Before there were implants, there were bad ideas.
In the 1950s, everything about America got bigger: The population increased, the economy swelled and for women, a full bust was very on trend. Playboy launched in Dec. 1953, Barbie followed in 1959 and in Hollywood, stars like Marilyn Monroe flaunted their hourglass silhouettes.
It wasn’t until 1962 that plastic surgeons created a viable option for women who wanted to increase the size of their assets. Timmie Jean Lindsey, a mother of six, was the first American woman to receive a successful breast enlargement. She originally went to the hospital hoping to get a tattoo removed from her breasts — instead, doctors Frank Gerow and Thomas Cronin convinced her to volunteer for the first breast augmentation. Timmie’s doctors implanted silicone cutlets in her chest, increasing her cup size from a B to a C. The breast is history.
According to the American Society of Plastic Surgeons, breast augmentation is the most popular cosmetic procedure. Women undergo the surgery for a variety of reasons: to achieve fuller, perkier breasts; to correct asymmetries; to reconstruct their breasts after mastectomies; and to improve confidence. Breasts are a fraught topic (to put it mildly) and for many women, making a surgical change can help with body dysmorphic disorder and reduce depressive thoughts.
But what did women do before breast implants were invented? How did they handle breast envy?
Before there were implants, there were bad ideas
During the 19th century, corsets were de rigueur, but they came with regrettable side effects: Victorians believed these abdomen prisons squished breasts, ultimately preventing them from growing. To counteract this, beauty writers advised women to rub topical treatments or homemade “growth serums” on their chests two to three times per day. Other beauty writers insisted that the “flat, undeveloped condition of the bust” could be managed simply by massaging coconut butter or pure olive oil on the “afflicted” area.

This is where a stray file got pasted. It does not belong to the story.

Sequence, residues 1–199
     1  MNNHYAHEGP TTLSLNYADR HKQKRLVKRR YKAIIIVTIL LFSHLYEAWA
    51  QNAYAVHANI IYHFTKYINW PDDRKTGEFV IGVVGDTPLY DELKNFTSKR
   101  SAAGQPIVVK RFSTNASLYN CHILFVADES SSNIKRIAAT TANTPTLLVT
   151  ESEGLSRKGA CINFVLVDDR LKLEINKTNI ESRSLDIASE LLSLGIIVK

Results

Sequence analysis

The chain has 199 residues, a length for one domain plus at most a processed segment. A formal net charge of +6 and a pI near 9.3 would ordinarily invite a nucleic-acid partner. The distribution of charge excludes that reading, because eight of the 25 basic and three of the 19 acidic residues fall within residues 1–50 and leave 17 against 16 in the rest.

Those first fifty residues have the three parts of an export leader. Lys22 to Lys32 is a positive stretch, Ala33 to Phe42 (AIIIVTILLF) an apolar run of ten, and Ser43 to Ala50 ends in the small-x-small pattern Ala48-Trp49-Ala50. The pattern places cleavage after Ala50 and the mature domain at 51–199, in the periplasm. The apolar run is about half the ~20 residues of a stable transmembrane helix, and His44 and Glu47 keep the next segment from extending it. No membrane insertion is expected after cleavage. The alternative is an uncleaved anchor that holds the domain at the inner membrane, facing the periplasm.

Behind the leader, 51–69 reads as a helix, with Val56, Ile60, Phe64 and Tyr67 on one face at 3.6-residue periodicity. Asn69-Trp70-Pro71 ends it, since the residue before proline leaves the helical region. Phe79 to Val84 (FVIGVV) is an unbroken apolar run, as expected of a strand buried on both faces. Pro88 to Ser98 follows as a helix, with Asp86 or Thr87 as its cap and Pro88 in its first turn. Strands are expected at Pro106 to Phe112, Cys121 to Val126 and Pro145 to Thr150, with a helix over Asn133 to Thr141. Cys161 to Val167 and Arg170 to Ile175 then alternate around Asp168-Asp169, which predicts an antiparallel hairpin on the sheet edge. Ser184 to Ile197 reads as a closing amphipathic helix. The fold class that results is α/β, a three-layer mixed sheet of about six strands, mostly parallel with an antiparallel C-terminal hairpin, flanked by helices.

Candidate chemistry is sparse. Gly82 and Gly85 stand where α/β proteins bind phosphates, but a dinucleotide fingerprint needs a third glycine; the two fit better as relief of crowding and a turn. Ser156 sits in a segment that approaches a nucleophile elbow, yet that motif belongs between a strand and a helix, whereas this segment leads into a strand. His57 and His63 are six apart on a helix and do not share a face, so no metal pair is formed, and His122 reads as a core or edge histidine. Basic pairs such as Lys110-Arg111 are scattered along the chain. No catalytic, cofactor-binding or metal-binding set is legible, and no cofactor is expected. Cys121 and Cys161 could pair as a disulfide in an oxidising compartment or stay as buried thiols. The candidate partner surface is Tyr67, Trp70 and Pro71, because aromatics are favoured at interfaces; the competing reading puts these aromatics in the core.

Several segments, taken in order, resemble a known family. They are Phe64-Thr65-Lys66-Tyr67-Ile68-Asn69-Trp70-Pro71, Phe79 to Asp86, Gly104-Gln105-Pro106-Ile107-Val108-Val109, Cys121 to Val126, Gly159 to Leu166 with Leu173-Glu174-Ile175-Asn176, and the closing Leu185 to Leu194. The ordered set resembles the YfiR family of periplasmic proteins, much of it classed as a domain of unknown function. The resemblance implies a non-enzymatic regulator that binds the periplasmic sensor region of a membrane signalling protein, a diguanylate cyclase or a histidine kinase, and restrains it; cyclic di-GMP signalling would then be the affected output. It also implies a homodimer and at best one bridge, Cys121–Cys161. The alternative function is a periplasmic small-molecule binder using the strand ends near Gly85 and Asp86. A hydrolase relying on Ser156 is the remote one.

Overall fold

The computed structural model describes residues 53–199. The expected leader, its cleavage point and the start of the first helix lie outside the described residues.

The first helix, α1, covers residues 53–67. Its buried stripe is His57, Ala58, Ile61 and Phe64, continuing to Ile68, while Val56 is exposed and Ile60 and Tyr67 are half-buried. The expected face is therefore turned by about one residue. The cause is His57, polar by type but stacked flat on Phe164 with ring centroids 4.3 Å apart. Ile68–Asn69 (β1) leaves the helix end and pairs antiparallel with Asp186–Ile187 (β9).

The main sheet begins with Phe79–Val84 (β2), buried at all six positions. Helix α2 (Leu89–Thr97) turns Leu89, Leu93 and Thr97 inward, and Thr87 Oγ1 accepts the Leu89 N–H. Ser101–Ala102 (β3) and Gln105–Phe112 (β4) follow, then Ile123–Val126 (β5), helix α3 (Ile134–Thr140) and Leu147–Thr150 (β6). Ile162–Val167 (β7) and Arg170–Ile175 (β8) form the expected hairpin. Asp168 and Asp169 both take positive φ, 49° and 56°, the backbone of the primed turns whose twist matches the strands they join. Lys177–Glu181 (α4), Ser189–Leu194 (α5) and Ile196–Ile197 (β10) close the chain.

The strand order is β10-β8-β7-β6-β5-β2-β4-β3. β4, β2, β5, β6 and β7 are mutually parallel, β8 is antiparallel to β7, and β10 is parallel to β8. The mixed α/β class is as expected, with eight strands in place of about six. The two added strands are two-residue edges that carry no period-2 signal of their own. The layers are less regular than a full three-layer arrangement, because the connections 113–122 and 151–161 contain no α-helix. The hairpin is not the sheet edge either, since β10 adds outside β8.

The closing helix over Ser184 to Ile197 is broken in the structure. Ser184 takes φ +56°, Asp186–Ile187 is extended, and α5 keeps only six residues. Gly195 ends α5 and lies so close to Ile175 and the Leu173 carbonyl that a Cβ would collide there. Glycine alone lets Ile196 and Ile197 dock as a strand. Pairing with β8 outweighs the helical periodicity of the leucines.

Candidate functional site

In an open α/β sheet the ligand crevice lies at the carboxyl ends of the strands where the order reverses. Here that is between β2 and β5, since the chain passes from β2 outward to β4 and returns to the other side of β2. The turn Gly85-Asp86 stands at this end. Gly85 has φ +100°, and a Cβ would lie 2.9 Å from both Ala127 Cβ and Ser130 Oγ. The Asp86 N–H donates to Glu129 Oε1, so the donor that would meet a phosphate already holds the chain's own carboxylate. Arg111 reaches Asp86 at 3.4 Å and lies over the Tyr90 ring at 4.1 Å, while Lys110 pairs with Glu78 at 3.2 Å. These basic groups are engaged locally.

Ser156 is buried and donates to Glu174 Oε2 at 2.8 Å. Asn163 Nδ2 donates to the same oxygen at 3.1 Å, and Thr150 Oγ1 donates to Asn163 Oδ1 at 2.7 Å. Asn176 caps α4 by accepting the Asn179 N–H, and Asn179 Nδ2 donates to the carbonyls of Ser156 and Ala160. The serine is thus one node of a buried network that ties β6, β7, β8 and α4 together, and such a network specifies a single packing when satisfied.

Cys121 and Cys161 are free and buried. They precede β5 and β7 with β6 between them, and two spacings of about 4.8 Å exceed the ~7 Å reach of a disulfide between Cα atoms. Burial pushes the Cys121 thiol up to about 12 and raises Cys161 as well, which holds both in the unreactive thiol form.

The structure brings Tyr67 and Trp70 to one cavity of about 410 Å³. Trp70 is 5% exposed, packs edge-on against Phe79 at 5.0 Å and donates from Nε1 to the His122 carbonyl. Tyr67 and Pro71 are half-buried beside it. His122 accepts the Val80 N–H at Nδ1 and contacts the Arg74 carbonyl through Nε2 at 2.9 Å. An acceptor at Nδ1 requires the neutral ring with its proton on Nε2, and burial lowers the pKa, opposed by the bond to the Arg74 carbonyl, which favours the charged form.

Compared to these methods, the French technique for breast enlargement was nothing short of torturous. Apparently, in the early 1900s, French women would affix large suction cups to their breasts in order to firm them. Per the product’s advertisement, fast, cold water “showers the breast without getting wet, making the muscular fibers of the mammary glands contract without touching the delicate tip.” The advert guarantees ease of use and a pleasurable massage, but cautions that the tool only works on “normal breasts.”
Before Drs. Gerow and Cronin successfully nailed down their silicone implant technique, Japanese prostitutes were doing it for themselves. In 1945, American servicemen were all over Japan and sex workers there assumed they were all looking for one thing: big tits. To accommodate this request, the sex workers stole silicone from local doctors and injected it directly into their chests. Their entrepreneurial spirit was commendable, but the results were less so: Silicone rot set in and the injection sites became gangrenous.
Doctors in the States should have known better, but that didn’t stop them from experimenting with similar techniques in the 50s. They injected tens of thousands of women with silicone; their breasts hardened and many needed to be removed entirely. Doctors also tried inserting sponges into women’s bosoms; the sponges shrank over time, making the breasts “hard as baseballs.”
Today, breast implants are safer and more affordable than ever, but it’s nice to look back and reminisce about a time when women tried to power wash their jugs to a more desirable size and density.
Boob jobs: They’ve come a long way, baby!